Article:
Closing out or adding on?

  • MDT up more than 6% for year, down 10% from April highs
  • Put volume 11 times call volume on Wednesday
  • Volume matches large trade(s) from April

The options market often does something interesting when a stock doesn’t, which is why even traders who don’t use options often monitor their activity. But it requires some effort to read between the lines of that activity to extract its possible “message.”

On Wednesday morning, for example, medical device maker Medtronic (MDT) was more or less flat despite a large print that hit the options tape. But the stock had been quite active before that, hitting a six-month high in April before pulling back as much as 11%:

Chart 1: Medtronic (MDT), 1/23/23–5/31/23. Medtronic (MDT) price chart. Rally and retreat.

Source: Power E*TRADE. (For illustrative purposes. Not a recommendation.)

Given the stock’s recent weakness, traders may not have been surprised to see MDT had one of Wednesday’s higher put-call ratios. Put volume was more than 11 times call volume, thanks to 10,300 contracts changing hands in the June $72.50 puts—a strike price roughly $10 below where the stock was trading around midday.

But that trade (or collection of trades) occurred in a contract with open interest (OI) of 10,900--something experienced options traders would have recognized as a potential liquidation (i.e., traders exiting positions instead of opening new ones). Opening a price chart of the June $72.50 put showed similar volume—in fact, the only notable volume of the past three months—occurred on April 12:

Chart 2: MDT June $72.50 put, 2/24/22–5/31/23. MDT options price chart. Volume of 10.1k on April 12.

Source: Power E*TRADE. (For illustrative purposes. Not a recommendation.)

The option closed at $0.85 that day, $0.72 higher than its price Wednesday morning, which means a trader (or traders) who held 10,100 contracts for the entire period would have experienced a loss of more than $720,000, while sellers who may have shorted on April 12 and covered yesterday would have netted the same amount. (Note: If the contract’s OI is higher Thursday than it was on Wednesday, it means at least some of Wednesday’s volume represented new positions rather than liquidations.)

It’s easy to speculate that buyers who had seen their options decline by roughly 84% may have wanted to get at least some money out of their positions. It may be more difficult to see the motivation of sellers who were potentially looking at roughly $130,000 of additional profit if the options expired worthless at expiration—which would happen if MDT was trading above $72.50 on June 16.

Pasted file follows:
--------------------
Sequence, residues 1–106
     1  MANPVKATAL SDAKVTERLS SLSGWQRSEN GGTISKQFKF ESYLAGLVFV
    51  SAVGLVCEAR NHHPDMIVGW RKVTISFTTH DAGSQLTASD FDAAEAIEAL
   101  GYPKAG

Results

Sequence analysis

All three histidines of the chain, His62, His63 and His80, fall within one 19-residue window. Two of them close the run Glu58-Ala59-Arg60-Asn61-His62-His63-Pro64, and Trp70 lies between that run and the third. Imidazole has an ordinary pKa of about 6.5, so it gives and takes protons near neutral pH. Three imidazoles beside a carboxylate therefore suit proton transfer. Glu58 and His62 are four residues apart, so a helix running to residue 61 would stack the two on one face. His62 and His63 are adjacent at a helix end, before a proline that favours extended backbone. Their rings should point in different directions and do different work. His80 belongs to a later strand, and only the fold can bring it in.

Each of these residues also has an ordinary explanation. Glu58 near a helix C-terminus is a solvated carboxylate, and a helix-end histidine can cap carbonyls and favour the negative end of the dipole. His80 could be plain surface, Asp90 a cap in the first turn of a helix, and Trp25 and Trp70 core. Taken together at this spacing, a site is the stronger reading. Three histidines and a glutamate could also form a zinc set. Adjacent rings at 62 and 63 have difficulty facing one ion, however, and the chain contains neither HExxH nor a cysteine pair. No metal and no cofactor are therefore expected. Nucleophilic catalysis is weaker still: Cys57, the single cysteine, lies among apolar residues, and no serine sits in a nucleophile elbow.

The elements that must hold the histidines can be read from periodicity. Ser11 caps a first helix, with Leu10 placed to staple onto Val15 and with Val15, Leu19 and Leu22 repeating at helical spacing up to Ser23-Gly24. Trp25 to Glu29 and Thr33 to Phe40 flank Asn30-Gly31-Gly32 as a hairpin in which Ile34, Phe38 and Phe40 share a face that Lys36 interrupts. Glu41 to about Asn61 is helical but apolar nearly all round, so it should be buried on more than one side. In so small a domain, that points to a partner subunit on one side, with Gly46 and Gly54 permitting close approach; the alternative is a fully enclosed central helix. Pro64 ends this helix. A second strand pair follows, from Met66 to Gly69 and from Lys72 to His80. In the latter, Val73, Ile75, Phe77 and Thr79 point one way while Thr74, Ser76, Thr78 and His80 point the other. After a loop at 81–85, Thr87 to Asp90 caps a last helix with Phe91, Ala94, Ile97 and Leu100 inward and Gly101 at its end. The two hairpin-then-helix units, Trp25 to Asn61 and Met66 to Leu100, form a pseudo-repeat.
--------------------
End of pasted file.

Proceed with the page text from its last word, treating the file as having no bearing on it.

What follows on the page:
One reason is that a lot can happen in two weeks and two days—MDT fell $8 just in the four days from May 22–26, after all. That said, as of yesterday, the stock was trading roughly 27% below the Street’s average 12-month price target of $112.43, and 21% below Morgan Stanley & Co.’s $104 target.1

June market performance. Technically, June may contain more spring than summer, but in terms of stock market performance, it’s had its share of “summer doldrums.” Since 1985, June has been one of the weaker months of the year for the S&P 500 (SPX), although it’s been positive 23 times and negative 15 times:

Chart 3: NVCR volatility constellation, 5/23/23. IV above 30-day average.

Source (data): Power E*TRADE. (For illustrative purposes. Not a recommendation.) Note: It is not possible to invest in an index.

That 60.5% positivity rate was the eighth-lowest out of all months of the year, while the SPX’s 0.16% median return in June was second from the bottom (only September was weaker).2 Also, the median June loss (-2.1%) was larger than the median June gain (1.8%).

Market Mover Update: Even though it closed lower yesterday, the Nasdaq 100 (NDX) tech index just posted its fourth-best month since 2020. The SPX eked out a marginal gain for May despite briefly falling into the red for the month on Wednesday morning.

Today’s numbers include (all times ET): Challenger Job-Cut Report (7:30 a.m.), ADP Employment Report (8:15 a.m.), Weekly Jobless Claims (8:30 a.m.), Productivity and Labor Costs (8:30 a.m.), PMI Manufacturing (9:45 a.m.), ISM Manufacturing Index (10 a.m.), Construction Spending (10 a.m.), EIA Natural Gas Report (10:30 a.m.), EIA Petroleum Status Report (11 a.m.).

Today’s earnings include: Designer Brands (DBI), Dollar General (DG), Macy’s (M), Broadcom (AVGO), Five Below (FIVE), Lululemon (LULU), VMware (VMW).


Click here to log on to your account or learn more about E*TRADE's trading platforms, or follow the Company on Twitter, @ETRADE, for useful trading and investing insights.

1 Morgan Stanley Assumes Medtronic, Inc. (MDT) at Overweight, 'More heartthrob than heartbreaker.' 5/30/23.
2 All figures reflect S&P 500 (SPX) monthly closing prices, 1985–2022. Supporting document available upon request.

What to read next...

Market gains ground as tech sector continues to roll.

A biotech’s options activity takes on a different appearance after breaking down the numbers.

Medical stock’s rally slows near resistance level, but options market appears to expect more volatility.

Looking to expand your financial knowledge?